Maggot Brain, released under the Westbound label in July of 1970, provided a creative zenith for trailblazing all black rock band Funkadelic’s output, and was followed by a series of increasingly commercially appealing LP’s.
The imaginatively titled cut retains a raw, fervent energy that perfectly epitomises a period when psychedelics were regularly associated with mainstream artists. To coin a phrase; the way out stuff is way fucking out there.
The instrumental title track transitions through a slew of unsettling sections, with the late Eddie Hazel’s 10+ minute guitar soliloquy a spiralling model of traditional blues filtered through a hallucinogenic lens, effectively transporting listeners into a realm more commonly synonymous with the names Hendrix, Page, and Clapton.
Far from peaking too soon, the album continues to effuse through various hypnotic phases: “Super Stupid” shares an overview of low budget junkie-ism, flanked by strains reminiscent of embryonic Black Sabbath.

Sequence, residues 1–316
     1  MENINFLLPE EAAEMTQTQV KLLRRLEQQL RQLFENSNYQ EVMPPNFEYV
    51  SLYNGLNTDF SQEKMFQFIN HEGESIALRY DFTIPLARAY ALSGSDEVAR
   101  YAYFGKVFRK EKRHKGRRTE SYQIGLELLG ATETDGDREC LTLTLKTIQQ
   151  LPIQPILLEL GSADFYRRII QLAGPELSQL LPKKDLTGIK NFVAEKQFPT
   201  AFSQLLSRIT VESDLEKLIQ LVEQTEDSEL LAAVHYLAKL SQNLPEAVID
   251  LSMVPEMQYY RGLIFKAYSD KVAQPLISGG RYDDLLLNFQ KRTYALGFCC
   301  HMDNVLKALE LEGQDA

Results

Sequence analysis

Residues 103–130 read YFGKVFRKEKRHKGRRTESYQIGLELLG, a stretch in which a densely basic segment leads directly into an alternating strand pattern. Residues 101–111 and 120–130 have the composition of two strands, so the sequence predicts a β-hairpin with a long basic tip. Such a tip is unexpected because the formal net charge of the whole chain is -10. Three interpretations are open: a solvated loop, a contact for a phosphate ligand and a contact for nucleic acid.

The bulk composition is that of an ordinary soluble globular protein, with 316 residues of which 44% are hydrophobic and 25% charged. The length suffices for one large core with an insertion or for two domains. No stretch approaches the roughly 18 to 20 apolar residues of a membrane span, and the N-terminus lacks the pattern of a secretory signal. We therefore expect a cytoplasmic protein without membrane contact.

Hit It And Quit It is a funk canticle exuding potency from the keys of pianist Bernie Worrell, who decadently dispenses with convention until the chorus kicks in.
Can You Get to That is a slightly more conventional pop tune that showed Funkadelic had a serious side, in spite of their penchant for the surreal, particularly when it came to social commentary (the track also featured Isaac Hayes’ female backing vocalists, giving it a further veneer of classic soul.)
Another stand-out, Wars of Armageddon (Sampled a decade ago by Optimo on the Psyche Out mix) is a knock-out-drag-down, knuckle dusting death match between the world’s best rhythm section and paranoid crowd scenes.
Maggot Brain remains a volatile recording to this day, bursting at the seams with larger than life virility; apt for a band going by the moniker Funkadelic.
Regrettably this is a release that has been overlooked by large sections of contemporary funk fans, rarely mentioned within a hundred breaths of other artists of the era such as James Brown, Stevie Wonder and Curtis Mayfield.
Despite that admission, Maggot Brain is indisputably an album worthy of a place in the collection of any advocate of the genre.